Myanmar Still Has a Long Way To Go
By Roger Lee Huang
November 29, 2015
November 29, 2015
The new government has its hands full in bringing a more inclusive and genuine democratic system to Myanmar.
By most accounts, November 8 marked a watershed moment in Myanmar’s struggle for democracy. For a country with a long history of military rule, there are plenty of reasons for pro-democracy forces to celebrate.
With an estimated 80% voter turnout, most electoral observers declared the voting process to be largely smooth and peaceful. Despite structural disadvantages and credible reports of some electoral irregularities both before and during the election, Aung San Suu Kyi’s National League for Democracy (NLD) was able to repeat a landslide victory, reminiscent of the party’s 1990 electoral success.
Most importantly, the military leadership, as well as the ruling Union Solidarity Development Party (USDP), indicated that they would accept the results. Unlike the ill-fated 1990 elections, the NLD will finally be able to form a new government.
The Military’s Democracy
Despite this positive outlook for the NLD, the real fight over the political direction of the country is only just beginning. Critically, since reforms began in 2011, Myanmar has not been transitioning to what would commonly be considered a genuine “democracy.” Rather, it has been undergoing a carefully controlled transformation toward the military’s version of a “disciplined multi-party democratic system.”
Under the military-drafted 2008 constitution, this multi-party system is underpinned by several “disciplined” features, notably the institutionalization of a permanent political role for the military in any further governments. Three key cabinet portfolios (minister of defense and security, minister for home affairs and minister of border affairs) are directly appointed by the commander-in-chief. This ensures that the military continues to exert control over areas that reflect its core interests—the army’s continued influence over Myanmar’s political economy, but also on issues of political stability, sovereignty, national and border security, and relations (or lack of) with the country’s armed ethnic groups and its international neighbors.
The military is also guaranteed 25% of seats at all levels of parliament, which effectively allows the army the power to veto any significant changes to the 2008 constitutional framework. Any attempt to remove pro-military biases within the constitution will require more than 75% of the votes by both houses of parliament before any proposed amendments are voted in by a popular referendum.
In short, unlike the situation in 1990, the military no longer needs to rule directly, nor resort to repressive tactics to ensure its core interests are protected. Under a disciplined “democratic” system, even when a new government is formed in 2016, the military would likely continue to yield immense political power—at least in areas of its predominant interest, likely with little civilian oversight.
Further, although Suu Kyi clearly has the electoral mandate, she is constitutionally barred from becoming the next president on account of her sons having foreign citizenship. She has, however, already indicated that she would be “above the president” and will essentially lead any NLD government. In the long-run, this could have the potential for a political (and constitutional) crisis.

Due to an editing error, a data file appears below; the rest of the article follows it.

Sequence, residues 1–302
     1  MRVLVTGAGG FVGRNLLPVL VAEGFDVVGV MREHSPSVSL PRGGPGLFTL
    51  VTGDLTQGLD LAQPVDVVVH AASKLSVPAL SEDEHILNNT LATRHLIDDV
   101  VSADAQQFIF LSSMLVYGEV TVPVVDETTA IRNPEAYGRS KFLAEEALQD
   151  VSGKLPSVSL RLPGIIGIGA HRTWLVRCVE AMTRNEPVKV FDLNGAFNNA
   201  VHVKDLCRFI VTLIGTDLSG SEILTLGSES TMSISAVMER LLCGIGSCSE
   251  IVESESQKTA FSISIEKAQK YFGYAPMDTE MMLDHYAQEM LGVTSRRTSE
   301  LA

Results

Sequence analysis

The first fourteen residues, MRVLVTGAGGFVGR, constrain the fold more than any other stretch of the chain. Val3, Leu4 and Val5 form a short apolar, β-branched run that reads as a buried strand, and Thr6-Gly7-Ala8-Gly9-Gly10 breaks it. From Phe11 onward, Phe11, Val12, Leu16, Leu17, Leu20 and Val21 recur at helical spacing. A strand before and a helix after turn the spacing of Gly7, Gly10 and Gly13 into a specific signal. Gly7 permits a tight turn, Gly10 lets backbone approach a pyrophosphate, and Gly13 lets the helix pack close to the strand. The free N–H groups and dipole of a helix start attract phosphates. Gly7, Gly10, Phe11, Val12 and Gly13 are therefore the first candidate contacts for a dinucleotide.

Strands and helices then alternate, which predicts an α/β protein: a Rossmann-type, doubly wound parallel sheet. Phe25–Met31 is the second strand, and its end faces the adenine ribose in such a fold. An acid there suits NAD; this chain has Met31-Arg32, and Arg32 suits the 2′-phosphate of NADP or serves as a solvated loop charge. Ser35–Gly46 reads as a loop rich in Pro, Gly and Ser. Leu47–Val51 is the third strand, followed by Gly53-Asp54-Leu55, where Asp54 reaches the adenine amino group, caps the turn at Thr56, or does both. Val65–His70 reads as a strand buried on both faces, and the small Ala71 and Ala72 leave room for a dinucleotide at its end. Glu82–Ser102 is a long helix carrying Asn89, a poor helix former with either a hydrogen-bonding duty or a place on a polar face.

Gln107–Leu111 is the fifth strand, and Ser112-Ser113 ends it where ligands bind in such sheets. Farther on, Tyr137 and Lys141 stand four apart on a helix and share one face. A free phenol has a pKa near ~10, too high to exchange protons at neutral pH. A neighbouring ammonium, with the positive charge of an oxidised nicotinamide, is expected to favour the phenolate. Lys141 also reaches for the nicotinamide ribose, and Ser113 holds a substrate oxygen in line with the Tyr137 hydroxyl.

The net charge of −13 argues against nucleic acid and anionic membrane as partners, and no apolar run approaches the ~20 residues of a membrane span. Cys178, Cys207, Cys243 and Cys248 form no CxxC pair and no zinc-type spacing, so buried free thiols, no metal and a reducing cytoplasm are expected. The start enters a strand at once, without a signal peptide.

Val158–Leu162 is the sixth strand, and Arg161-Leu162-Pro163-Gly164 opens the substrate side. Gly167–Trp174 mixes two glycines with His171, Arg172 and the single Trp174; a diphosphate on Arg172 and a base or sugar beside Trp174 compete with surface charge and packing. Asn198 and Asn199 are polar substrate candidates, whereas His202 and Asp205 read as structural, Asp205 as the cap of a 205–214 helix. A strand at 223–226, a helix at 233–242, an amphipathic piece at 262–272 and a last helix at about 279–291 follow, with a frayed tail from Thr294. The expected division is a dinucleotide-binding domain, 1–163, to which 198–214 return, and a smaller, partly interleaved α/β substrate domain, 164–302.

But more pressing perhaps is how the new NLD government will balance its commitment to introduce an inclusive democratic system, while ensuring that the military stays on board with the new government—relations that are crucial for Myanmar to achieve genuine reconciliation.
An Inclusive System
Aside from addressing the difficulty of creating sustainable civilian-military relations, unresolved issues between ethnic groups remain one of the biggest challenges, with growing anti-Muslim sentiments throughout Myanmar, as well as ongoing conflict in the ethnic peripheries, where fighting has not only resumed, but intensified in recent years.
Significant numbers of ethnic minorities, including the Kachins and the stateless Rohingyas, remain in internally displaced persons (IDP) camps.
The Association for the Protection of Race and Religion (popularly known as Ma Ba Tha) failed to make any significant dent on the NLD’s electoral success and have clearly lost significant grassroots support. Yet Ma Ba Tha have shaped a dangerous ultra-Buddhist nationalist narrative at the expense of shrinking citizenry and representation for the country’s Muslim populace.
Leading up to the elections, hundreds of thousands of Muslims had their right to vote stripped, while others, including domestic and overseas migrants as well as those living in conflict zones, were also disenfranchised. In a country with at least a 5% Muslim population, not only were Muslim candidates underrepresented in the elections, but none of the 20-odd Muslim candidates were able to win any seats.
Thus, although the voting process was mostly fair, as indicated by the overwhelming victory of the NLD, it was certainly not free—instead marred by a systematic exclusion of various minority groups.
How and whether the new NLD government would eventually tackle these problems will indicate whether Myanmar is moving toward a more inclusive and genuine democratic system, or whether the military’s way to democracy prevails.